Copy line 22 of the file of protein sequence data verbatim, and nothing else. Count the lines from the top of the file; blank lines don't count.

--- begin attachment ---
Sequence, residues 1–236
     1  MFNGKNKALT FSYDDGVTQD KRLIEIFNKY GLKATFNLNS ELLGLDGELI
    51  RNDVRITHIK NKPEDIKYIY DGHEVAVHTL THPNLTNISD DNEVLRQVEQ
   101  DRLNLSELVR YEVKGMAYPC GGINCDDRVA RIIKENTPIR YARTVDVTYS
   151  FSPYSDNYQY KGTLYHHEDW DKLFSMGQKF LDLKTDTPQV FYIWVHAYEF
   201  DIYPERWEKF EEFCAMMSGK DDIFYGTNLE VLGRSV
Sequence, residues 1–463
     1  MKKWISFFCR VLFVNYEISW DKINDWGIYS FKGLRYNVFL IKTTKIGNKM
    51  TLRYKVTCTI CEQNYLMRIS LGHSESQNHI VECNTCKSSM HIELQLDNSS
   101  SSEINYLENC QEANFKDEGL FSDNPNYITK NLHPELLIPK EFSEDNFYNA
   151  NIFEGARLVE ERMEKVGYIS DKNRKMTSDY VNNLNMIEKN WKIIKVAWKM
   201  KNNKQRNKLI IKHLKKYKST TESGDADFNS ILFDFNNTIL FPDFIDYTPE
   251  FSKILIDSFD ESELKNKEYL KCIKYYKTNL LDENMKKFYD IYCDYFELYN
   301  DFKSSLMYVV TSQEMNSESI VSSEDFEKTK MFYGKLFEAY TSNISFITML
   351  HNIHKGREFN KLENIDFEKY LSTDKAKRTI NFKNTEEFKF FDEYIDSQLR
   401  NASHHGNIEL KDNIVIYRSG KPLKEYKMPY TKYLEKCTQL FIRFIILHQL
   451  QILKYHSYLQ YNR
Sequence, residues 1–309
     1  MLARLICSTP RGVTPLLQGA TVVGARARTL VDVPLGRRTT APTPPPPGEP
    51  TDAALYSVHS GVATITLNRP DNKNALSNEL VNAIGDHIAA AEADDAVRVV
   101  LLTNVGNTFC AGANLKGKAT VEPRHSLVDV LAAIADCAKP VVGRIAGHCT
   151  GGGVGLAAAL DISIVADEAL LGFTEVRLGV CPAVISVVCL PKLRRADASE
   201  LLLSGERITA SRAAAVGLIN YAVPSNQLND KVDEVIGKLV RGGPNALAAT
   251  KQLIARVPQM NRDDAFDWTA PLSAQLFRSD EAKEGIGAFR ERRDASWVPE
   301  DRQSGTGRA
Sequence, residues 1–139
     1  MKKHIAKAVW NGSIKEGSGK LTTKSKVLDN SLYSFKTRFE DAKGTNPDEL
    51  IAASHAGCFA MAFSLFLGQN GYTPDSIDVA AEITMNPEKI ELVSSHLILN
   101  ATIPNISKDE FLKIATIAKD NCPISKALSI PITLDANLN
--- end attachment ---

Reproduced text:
   151  GGGVGLAAAL DISIVADEAL LGFTEVRLGV CPAVISVVCL PKLRRADASE